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Gaza City Rola Taha

Site Engineer
A Day in the life of CTG Staff
I feel I am a productive citizen; not only me but all engineers provide a better future for people.

I’ve worked as a Project Engineer on various projects including the construction of the Sheikh Hamad hospital for Rehabilitation and Prosthetics, finishing the specialised surgeries building at Al Shifa medical complex, and the construction of the Turkish-Palestinian Friendship Hospital. I was also part of the engineering team that worked on the construction of the Sheikh Ejleen wastewater pump station and the Sheikh Redwan stormwater pump station and pipeline projects. From the projects’ names, you can see how they reduce the severity of many key challenges in Gaza City. In Gaza, there are not enough hospitals, and as a result, connecting the existing hospitals was an essential step in creating better healthcare for Palestinians.

I have no words to express how grateful I am to have this opportunity to work with CTG in Gaza. From the supportive work environment to the learning opportunities with my colleagues and supervisors, to improving my skills through different training courses and workshops, and finally to working with international staff, this job cannot compare to my previous work experiences.

Helping people improve their quality of life has fuelled my interest in Civil Engineering since I was a teenager.

What drew me to this kind of work was the desire to not only practise my skills but learn new skills such as teamwork and responsibility. I feel I am a productive citizen; not only me, but all engineers provide a better future for people by being a part of the building of hospitals, schools, and the water and wastewater networks.

I wake up early in the morning to reach the site before the masons start working. This early-bird style lets me guide the workers on the construction site and check if they are applying the safety precautions in a proper way. Spending the entire day outside under the sun can be strenuous, but at the same time a joy because I enjoy putting what I studied at university into practical action and learning new aspects of engineering.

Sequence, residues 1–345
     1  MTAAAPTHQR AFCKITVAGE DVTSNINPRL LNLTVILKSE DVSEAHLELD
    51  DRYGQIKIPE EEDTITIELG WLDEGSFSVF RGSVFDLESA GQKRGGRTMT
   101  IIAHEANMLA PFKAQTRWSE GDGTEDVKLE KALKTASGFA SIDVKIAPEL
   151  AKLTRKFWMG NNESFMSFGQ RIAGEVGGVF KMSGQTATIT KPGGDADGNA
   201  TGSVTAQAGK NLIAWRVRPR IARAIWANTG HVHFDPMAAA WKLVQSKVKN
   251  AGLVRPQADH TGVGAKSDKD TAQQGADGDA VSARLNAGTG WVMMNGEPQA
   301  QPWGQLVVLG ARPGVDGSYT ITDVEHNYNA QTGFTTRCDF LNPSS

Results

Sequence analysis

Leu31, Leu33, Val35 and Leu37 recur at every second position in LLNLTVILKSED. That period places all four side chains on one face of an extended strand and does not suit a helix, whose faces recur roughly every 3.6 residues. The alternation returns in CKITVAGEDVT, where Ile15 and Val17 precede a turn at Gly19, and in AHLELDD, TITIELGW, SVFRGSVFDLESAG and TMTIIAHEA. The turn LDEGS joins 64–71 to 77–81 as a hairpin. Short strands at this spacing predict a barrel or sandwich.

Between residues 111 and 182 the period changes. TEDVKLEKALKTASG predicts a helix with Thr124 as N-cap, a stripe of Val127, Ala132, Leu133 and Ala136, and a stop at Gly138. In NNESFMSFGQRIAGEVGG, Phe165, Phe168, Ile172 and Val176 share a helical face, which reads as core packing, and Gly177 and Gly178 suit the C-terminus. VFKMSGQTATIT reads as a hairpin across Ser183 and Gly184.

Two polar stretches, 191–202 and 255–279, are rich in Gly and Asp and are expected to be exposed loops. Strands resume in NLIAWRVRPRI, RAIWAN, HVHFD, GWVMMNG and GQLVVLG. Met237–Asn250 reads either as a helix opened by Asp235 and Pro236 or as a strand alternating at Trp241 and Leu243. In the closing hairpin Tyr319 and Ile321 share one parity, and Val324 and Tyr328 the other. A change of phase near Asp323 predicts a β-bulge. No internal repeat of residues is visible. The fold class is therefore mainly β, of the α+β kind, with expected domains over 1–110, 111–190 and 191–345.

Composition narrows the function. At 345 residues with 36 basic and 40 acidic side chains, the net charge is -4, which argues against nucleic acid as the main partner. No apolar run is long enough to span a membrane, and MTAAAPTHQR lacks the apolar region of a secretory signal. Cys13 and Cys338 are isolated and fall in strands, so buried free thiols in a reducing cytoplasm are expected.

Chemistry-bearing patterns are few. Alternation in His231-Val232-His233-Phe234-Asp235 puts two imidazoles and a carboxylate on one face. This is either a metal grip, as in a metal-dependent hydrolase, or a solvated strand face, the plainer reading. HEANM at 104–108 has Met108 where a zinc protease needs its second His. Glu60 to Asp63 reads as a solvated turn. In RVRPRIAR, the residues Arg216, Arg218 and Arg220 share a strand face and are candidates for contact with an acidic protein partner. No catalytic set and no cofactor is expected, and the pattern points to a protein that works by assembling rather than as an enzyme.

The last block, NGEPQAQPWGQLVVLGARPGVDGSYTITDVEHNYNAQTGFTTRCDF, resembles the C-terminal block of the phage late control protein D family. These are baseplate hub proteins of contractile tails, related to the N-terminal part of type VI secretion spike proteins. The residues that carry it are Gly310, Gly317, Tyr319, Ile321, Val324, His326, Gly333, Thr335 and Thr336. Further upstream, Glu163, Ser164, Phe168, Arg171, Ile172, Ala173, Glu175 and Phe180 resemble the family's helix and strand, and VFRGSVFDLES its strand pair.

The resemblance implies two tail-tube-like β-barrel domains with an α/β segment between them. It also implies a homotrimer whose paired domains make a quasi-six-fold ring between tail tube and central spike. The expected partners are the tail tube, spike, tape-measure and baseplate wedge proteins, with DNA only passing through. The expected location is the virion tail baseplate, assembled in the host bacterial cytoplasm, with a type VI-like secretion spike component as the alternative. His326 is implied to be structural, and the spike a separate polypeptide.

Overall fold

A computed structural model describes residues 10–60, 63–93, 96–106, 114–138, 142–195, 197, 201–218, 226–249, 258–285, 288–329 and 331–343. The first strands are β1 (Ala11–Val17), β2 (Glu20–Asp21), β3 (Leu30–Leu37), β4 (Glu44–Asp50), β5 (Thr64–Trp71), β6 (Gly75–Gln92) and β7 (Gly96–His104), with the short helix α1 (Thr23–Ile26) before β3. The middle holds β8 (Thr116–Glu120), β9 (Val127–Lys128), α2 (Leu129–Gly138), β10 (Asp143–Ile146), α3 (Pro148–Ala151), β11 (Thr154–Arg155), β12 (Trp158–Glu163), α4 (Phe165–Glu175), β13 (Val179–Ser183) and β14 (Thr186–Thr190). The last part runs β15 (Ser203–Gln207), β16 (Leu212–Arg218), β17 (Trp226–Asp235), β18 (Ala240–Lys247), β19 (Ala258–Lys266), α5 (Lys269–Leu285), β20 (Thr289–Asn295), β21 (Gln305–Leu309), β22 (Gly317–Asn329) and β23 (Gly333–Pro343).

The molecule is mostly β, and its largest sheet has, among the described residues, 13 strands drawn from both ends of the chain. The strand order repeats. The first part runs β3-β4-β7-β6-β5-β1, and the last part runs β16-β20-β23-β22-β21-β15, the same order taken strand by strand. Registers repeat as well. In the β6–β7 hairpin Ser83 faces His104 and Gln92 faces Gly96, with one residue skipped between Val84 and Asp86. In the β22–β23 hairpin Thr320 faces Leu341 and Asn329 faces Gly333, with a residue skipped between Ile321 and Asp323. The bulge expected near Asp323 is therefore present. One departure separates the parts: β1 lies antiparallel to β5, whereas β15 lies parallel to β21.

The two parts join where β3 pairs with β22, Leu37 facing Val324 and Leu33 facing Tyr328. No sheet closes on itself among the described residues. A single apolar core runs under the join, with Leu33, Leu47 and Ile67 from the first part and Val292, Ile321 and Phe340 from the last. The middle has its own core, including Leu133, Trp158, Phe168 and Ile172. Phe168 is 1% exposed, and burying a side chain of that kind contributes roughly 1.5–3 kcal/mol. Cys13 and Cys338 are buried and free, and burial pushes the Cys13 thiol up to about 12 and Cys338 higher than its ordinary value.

The biggest challenge I face in my work is the culture of the society and their inability to accept that a female engineer is responsible for workers and directing them. By normalizing female Site Engineers and spreading the culture of gender equality in the engineering sector in general, we can surely encourage the new generation of female engineers and their families and partners to accept more women working.

The other challenges I face are with regards to safety. We face heavy restrictions in terms of security and movements. If Palestinians decide to travel, they cannot just take their own passport and go to the airport directly (the only Palestinian airport was demolished in 2001). Traveling outside of the Gaza Strip, which in my opinion is the world’s largest prison, involves a lot of planning and can only be done via the Rafah crossing at the border with Egypt or going through the Erez crossing to fly from Jordan.

When I think of Gaza, I think about the challenges Palestinians face on a day-to-day basis. From the shortage of drinkable water to the catastrophic situation of the sewerage system. One of the biggest challenges I have faced is long nights with no electricity, which was particularly difficult when I had exams the next day.

I could claim that I have the best family in the world; they helped me become who I am today.

It’s a high-pressure environment, so I practise horse riding and yoga to reduce work stress. I enjoy spending time with my family and friends the most, watching movies or swimming in the sea. I could claim that I have the best family in the world; they helped me become who I am today. They supported me as much as they could and widened my limits to include more opportunities than I knew possible.

I am proud to be the daughter of an ideal mother and an ideal father who taught me all the values and principles to deal with people and situations wisely. My parents used to describe me as a responsible person and were always proud of my high marks at school. I still remember the day I got a high GPA at school and saw the joy in my parents’ eyes. But the journey has not been easy.

The biggest challenge I face in my work is the culture of the society and their inability to accept that a female engineer is responsible for workers and directing them.

After I got married and pregnant with my first child, I faced many health problems. Then I lost both of my parents very suddenly, and I experienced psychological problems from the shock. It was not easy for me to complete my education under challenging circumstances, especially with a newborn baby, but God gave me the strength to face these challenges and achieve the goal that my parents and I planned for.

Today, I hold a Bachelor of Civil Engineering and have worked as an engineer and a project coordinator with various relief projects in Gaza. Helping people improve their quality of life has fuelled my interest in Civil Engineering since I was a teenager. To this day I continue to develop myself, my skills and take advantage of any opportunity that helps me obtain new experiences.

Therefore, I dedicate my success to the spirit of my parents, and I am confident that if they were with me now, they would feel proud and happy about who I have become.